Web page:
Cave diving, exploration and science

 In Bohol, Cave diving, Exploration, Fieldwork

Exploring new frontiers has always been something humans have been attracted to. The excitement of encountering the unknown, learning more about the world we live in is what broadens our minds.

Ahead of our trip to the Hinagdanan cave of Bohol, we all hoped to find a new species, an adaptation or maybe just an endemic species. Along with the biological aspect of our trip, we also had the possibility of exploring another pool that was reported to be connected to the main pool of the cave through an underwater tunnel, by local free divers. The cave had not been explored by SCUBA before and so we decided to train as much as we could to the limits of non-technical divers.

We entered the cave with expectations and excitement, ready to implement the survey plans made by Annelise and Dolf, MCP’s resident Science officers. We did a quick initial survey of the pool just snorkelling to get a feel for the general layout of the pool and were excited to find possible tunnels that would first be explored by Soren, MCP’s diving safety officer and PADI instructor.

Soon, considering our findings, we started discussing how we could get as much data out of the few shorts days we had in the cave. Our aim in this multi-team endeavour was to survey all the living creatures in the aquatic part of the cave to provide comprehensive info to be added to the final report of SUAKREM (Silliman University Angelo King Research And Environment Center,) sponsored by JICA (Japan International Coorporation Agency.) The report will be used to ensure the utilisation of the cave is aligned with preservation goals, and that the cave is adequately protected.

The main method of sampling to survey smaller invertebrates and fish was to use home-made traps with bait that would be laid out on transects on the bottom of the floor of the pool. A two member team spent much of the morning laying out these transects carefully while the rest of the team checked and prepared traps. Simultaneously, Soren was exploring the cave which must have easily been the one activity everyone wished they could do.

Deployed trap – thirty were deployed at intervals along the cave floor

The traps were baited and tagged and laid out at equal distances along the transect. Even as we were laying out the traps, we were amazed to see some crabs and fish that were quite large already in the first traps laid out. We then allowed these traps to lay overnight to get a good sample size for the survey. Meanwhile, Soren had been diving previously unexplored tunnels into new chambers that the main pool was connected to. Although we all understood the rationale, we were of course sorry to hear that because of many restrictions (preventing divers travelling side by side) and silty conditions, the rest of the volunteer team couldn’t safely explore these parts of the cave system. This meant that he would have to map and video these spaces alone.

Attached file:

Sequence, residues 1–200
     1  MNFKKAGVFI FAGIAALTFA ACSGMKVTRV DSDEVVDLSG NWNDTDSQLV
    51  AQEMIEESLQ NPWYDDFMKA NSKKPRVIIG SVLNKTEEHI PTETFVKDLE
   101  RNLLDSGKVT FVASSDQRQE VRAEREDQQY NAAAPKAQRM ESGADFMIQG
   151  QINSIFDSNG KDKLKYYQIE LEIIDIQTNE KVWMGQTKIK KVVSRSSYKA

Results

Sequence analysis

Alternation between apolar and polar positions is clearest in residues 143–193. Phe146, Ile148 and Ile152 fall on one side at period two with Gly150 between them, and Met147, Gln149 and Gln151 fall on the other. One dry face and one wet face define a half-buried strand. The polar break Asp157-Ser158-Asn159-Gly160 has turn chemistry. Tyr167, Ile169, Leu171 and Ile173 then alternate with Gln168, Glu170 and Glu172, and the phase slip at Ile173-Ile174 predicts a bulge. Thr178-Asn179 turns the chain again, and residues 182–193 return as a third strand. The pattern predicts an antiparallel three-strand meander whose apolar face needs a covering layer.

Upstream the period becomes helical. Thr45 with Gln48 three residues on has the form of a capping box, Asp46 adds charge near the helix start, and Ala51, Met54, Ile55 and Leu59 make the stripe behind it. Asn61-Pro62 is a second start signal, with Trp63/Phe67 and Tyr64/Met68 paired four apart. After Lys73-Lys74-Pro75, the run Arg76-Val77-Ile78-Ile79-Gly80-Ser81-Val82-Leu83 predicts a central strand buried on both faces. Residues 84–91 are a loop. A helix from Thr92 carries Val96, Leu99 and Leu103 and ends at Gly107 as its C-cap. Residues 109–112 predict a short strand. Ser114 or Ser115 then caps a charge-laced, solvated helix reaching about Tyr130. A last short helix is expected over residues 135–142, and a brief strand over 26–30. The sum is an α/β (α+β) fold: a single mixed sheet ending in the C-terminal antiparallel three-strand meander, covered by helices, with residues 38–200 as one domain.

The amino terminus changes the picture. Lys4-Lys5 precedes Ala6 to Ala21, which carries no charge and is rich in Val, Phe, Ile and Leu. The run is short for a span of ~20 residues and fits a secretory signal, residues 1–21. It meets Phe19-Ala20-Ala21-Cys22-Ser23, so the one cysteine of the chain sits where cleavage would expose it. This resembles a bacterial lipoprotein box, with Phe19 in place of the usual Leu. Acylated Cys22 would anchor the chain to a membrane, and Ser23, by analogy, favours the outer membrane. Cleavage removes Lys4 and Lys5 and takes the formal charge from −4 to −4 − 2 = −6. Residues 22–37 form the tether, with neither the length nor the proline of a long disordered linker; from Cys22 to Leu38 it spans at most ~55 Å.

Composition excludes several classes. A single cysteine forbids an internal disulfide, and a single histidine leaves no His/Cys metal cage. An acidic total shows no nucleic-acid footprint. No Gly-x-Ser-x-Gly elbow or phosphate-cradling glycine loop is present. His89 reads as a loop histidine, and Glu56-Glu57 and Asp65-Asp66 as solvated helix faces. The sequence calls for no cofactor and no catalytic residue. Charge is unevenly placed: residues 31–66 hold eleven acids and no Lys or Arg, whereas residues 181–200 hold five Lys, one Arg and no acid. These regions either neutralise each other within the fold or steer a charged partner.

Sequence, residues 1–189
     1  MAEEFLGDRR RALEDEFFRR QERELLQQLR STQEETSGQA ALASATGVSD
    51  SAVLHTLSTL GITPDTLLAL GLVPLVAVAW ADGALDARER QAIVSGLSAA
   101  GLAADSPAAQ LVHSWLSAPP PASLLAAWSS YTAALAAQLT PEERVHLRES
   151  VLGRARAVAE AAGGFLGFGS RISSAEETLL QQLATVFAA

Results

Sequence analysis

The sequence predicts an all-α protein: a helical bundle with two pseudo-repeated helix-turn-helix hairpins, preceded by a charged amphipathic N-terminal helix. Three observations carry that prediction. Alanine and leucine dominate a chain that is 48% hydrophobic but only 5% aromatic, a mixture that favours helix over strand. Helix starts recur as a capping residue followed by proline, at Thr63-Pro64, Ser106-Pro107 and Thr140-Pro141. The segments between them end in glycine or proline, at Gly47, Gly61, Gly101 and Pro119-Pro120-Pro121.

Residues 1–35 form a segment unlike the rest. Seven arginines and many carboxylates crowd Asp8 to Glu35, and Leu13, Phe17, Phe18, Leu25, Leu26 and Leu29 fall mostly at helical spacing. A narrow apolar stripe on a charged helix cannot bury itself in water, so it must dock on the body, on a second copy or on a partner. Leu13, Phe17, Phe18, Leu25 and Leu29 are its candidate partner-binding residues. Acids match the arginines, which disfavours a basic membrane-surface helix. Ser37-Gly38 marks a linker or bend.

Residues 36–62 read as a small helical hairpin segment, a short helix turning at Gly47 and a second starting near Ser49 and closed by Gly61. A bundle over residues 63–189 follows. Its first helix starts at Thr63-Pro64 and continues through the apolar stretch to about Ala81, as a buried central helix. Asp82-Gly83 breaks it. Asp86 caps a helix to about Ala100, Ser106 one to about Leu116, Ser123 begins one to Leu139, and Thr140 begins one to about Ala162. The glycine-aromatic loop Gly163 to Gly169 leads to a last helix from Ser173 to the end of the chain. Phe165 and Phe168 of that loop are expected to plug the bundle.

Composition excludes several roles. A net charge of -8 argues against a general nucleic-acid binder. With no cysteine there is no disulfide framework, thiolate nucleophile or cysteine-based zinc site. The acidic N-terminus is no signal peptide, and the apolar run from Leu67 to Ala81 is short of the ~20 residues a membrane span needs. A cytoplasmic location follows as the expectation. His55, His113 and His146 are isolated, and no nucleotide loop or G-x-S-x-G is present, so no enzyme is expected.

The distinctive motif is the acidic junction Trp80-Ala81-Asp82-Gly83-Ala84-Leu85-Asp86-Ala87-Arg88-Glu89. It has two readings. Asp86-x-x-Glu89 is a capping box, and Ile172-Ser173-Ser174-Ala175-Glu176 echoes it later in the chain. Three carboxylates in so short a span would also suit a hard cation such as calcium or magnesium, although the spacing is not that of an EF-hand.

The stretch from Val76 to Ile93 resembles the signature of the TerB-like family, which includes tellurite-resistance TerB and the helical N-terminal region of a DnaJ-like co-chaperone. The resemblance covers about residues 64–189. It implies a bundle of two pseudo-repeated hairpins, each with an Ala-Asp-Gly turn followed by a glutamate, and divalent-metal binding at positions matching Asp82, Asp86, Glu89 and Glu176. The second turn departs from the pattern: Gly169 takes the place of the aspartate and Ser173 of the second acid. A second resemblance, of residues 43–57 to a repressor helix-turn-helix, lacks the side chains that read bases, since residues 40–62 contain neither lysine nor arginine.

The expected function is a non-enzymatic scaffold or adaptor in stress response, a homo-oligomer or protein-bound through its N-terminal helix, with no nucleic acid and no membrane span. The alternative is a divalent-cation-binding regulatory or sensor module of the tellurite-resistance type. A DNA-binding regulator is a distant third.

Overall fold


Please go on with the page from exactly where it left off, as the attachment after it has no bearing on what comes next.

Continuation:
The second method employed for sampling was to swim along the bottom with a scoop net to ensure samples of those animals that were too large for the traps. At the end of our first day, Dolf managed to get some of these samples as well.

The next two days were spent emptying all the traps and resetting them to ensure we had collected enough data about all the animals that lived in the cave.
Just the simple task of emptying the traps and documenting the animals was a very good reminder of how tedious research really can be. You need to be accurate but do so in a timely manner to not harm the animals and ensure the traps were then laid out around the same time as the day before. If PADI had a crab photography speciality, there’s no doubt our volunteers would be able to pass that!

Over the few days we managed to find 4 species of crabs that would need to be confirmed by careful analysis and referencing. We also found one species of fish. Although this doesn’t seem like a very diverse ecosystem, if you consider the physical parameters of the cave, we could at least observe that the animals seem to be specialised to the cave environment.

Spending a few days in a hot, damp, smelly cave can be tiring but it did manage to give the MCP volunteers a taste of how real field work can be and our findings will contribute to a better understanding of a rather specialised ecosystem. The real is actually going on at the time of writing this blog article – volunteers and staff are spending many hours analysing hundreds of photos and writing the final report.

Lastly a big thanks to Holger Horn of Philippine Fundivers for sponsoring tanks and weights for the duration of the expedition.

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